But all fats are not created equal. Which ones should we be eating and which ones should we be avoiding?

One of the most authoritative - and accessible - sources of information on dietary fats is a book called Fats That Heal, Fats That Kill, by Udo Erasmus, Ph.D. According to Dr. Erasmus, some fats are absolutely essential for health, whereas others can be detrimental. "Whether a fat heals or kills depends on several factors," he writes. "What kind of fat is it? How has it been treated - has it been exposed to light, oxygen, heat, hydrogen, water, acid, base, or metals like copper and iron? How old is it? Is it fresh? How has it been used in food preparation? How much was eaten? What balance of different fats are we getting in our diet?

Erasmus believes that one of the most important keys to health is getting the right kind of fats in the right amounts, and to store and prepare them using the right methods. "The wrong kind of fats, the wrong amounts or balances, or even the right kinds of fats wrongly prepared, cause degenerative diseases that we call diseases of fatty degeneration" (e.g., cardiovascular disease, cancer, diabetes, etc), he argues.

Which are the right fats? The wrong fats? How should fats be handled and stored for optimal health? There are many answers to these questions, and many of the explanations are too complex to go into here. We recommend that you read Fats That Heal, Fats That Kill if you want to learn more. In the meantime, though, here is a sampling of "fat facts" that will open your eyes to the intelligent use of dietary fats.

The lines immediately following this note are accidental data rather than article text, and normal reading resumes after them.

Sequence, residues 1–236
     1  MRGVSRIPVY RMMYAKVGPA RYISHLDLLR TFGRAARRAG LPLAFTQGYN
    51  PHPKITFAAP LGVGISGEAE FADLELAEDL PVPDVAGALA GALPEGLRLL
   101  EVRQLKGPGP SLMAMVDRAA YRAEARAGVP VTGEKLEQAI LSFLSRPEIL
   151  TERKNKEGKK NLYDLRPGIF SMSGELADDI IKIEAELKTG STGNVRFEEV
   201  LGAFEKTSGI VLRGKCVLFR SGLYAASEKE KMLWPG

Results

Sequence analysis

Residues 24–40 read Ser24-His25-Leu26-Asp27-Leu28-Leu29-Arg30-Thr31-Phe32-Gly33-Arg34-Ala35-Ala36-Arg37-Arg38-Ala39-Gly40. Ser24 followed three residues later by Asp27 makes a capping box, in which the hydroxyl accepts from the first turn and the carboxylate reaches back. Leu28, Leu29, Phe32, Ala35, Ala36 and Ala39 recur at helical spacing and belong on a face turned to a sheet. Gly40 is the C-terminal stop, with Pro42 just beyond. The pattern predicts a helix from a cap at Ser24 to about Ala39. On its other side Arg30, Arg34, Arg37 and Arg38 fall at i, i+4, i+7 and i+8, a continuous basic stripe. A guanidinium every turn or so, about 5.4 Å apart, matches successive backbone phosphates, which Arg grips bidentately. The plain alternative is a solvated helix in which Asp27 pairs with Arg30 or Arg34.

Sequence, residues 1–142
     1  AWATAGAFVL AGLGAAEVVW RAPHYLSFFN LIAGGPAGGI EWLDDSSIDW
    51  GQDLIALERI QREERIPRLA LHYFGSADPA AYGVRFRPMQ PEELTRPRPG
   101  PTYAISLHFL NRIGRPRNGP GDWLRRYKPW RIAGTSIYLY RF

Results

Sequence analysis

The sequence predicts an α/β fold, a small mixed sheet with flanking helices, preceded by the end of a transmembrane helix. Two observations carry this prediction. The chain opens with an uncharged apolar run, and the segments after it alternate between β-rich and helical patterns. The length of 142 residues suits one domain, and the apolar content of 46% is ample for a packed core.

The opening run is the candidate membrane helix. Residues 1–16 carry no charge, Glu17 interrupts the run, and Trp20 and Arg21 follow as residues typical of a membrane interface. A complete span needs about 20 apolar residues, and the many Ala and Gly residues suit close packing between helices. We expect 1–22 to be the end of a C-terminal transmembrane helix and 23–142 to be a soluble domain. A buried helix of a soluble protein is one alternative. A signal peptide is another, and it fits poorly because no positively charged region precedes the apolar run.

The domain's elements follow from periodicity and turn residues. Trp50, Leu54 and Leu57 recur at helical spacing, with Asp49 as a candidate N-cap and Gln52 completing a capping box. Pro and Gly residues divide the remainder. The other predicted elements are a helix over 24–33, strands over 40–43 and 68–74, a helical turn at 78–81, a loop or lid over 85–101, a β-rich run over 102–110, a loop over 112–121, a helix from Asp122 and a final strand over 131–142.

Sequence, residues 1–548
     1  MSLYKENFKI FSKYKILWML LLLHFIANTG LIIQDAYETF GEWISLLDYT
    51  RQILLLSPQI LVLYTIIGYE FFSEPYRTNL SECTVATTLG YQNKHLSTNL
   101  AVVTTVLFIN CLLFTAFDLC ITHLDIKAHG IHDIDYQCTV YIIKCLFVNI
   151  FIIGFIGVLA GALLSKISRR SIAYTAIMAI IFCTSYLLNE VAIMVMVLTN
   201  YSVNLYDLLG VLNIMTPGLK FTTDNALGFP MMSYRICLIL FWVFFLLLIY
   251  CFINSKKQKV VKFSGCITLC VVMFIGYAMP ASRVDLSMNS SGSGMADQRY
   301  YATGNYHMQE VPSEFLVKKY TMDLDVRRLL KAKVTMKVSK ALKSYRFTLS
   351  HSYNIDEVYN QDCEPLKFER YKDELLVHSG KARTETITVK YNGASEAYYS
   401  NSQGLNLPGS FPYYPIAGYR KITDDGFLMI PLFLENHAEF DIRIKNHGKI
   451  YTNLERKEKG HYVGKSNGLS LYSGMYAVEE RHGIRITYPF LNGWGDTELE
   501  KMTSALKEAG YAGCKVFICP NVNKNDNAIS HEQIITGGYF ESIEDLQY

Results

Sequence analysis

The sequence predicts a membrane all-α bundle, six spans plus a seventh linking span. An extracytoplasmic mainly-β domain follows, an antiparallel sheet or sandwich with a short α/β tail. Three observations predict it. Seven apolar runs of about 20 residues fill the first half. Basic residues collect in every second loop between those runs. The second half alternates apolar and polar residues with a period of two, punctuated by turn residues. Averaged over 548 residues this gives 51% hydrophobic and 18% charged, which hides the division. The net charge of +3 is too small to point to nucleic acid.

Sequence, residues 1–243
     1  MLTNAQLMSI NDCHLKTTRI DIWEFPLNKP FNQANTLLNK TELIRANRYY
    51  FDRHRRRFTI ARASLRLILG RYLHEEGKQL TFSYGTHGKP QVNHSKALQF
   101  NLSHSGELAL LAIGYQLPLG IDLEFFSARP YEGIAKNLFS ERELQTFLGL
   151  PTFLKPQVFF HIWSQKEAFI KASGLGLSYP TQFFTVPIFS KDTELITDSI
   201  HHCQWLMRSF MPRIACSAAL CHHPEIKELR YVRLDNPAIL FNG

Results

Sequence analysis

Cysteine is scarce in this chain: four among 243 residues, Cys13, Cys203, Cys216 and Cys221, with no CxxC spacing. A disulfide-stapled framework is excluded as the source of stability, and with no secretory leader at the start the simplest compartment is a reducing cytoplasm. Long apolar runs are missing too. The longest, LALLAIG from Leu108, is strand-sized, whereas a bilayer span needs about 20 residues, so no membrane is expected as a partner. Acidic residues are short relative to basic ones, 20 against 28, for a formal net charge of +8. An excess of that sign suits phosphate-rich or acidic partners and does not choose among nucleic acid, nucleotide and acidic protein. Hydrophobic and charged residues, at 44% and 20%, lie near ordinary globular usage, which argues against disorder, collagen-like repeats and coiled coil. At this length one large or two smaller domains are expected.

• Fatty acids are the key building blocks of all fats and oils, both in foods and in our bodies. They are also the primary ingredients in all cell membranes, playing a vital role in the construction and maintenance of all healthy cells. Cut your fat intake too low, and you may disrupt these vital functions.
  • Essential fatty acids (EFAs) are necessary to stay healthy and must be obtained from food sources. The two essential fatty acids are linoleic acid (LA) and alpha-linolenic acid (LNA). Perhaps the most concentrated source of EFAs is fresh raw flax oil but smaller amounts are found in most other, high-quality food oils. (The keyword here is "high-quality" - see the other guidelines below.)
  • EFAs are very sensitive to destruction by light, oxygen, and heat. Light can induce free-radical chain reactions that break down EFAs into aldehydes, ketones, and other toxic and nontoxic products as well as destroy their vital properties. Oxygen causes EFAs to become rancid, giving them a scratchy, bitter, or fishy taste and smell. Heat destroys EFAs by twisting the molecule into an unnatural shape. Thus, by frying or deep frying at high temperature, much of the nutritional benefit of EFAs is lost.